Barbizon School

Our deepeing on the Barbizon School has to begin with the figure of Théodore Rousseau.

Théodore Rousseau, parisian artist, who was born in 1812, started the movement that would decisively influence Impressionist art.
After leaving academic painting, Rousseau decides to devote himself to painting in a more free way, based on the observation of nature from life. If Theodore Rousseau can be identified as a key artist of the movement, surely the forest of Fontainbleu becomes the place around which everything develops.

Soon the painter begins to find, in this place, a source of inspiration for his works, until he chooses it as the place where he can spend his life, settling in the village of Barbizon. It is here that other artists began to arrive attracted by the new way of painting proposed by Rousseau. Thus, the Barbizon School was born.

Immerse yourself in nature and paint.
This is the fundamental principle of the Barbizon School: getting out of the atelier, knowing how to reproduce the play of light and portray the landscape exactly as it is when you are painting. The works are, however, completed in the artist's atelier and this is a substantial difference with Impressionism. The works of the Barbizon School cannot be defined as totally realistic, as they represent the landscape exactly as the artist perceives it at that moment.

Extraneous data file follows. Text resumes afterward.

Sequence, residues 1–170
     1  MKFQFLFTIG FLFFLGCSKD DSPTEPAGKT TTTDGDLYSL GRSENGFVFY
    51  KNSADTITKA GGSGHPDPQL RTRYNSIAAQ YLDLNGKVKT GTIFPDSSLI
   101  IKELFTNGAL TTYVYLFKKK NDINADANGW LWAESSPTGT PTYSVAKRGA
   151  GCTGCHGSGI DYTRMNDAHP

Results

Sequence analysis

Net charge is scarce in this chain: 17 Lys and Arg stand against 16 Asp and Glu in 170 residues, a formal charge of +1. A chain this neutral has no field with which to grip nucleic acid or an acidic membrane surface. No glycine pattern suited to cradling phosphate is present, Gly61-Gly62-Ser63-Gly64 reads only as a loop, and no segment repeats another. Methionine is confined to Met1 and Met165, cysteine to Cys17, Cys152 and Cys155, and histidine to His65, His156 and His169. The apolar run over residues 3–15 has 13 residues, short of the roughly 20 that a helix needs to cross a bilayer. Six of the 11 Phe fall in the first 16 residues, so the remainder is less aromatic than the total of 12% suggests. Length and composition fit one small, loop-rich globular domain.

The methods of applying color with small touches are, however, fundamental for the birth of Impressionism, which begins its experience from the Barbizon School.

Charles-François Daubigny is an artist belonging to the Barbizon School who, more than others, applies painting “en plein air”, a fundamental pillar for the Impressionists. His art will influence great painters such as Claude Monet and Renoir. Other artists in the group are Jean-François Millet, who introduces humble characters in his works, Jean-Baptiste Camille Corot, for whom light is an essential element, Jules Dupré, Constant Troyon, Hippolyte Camille Delpy and many others.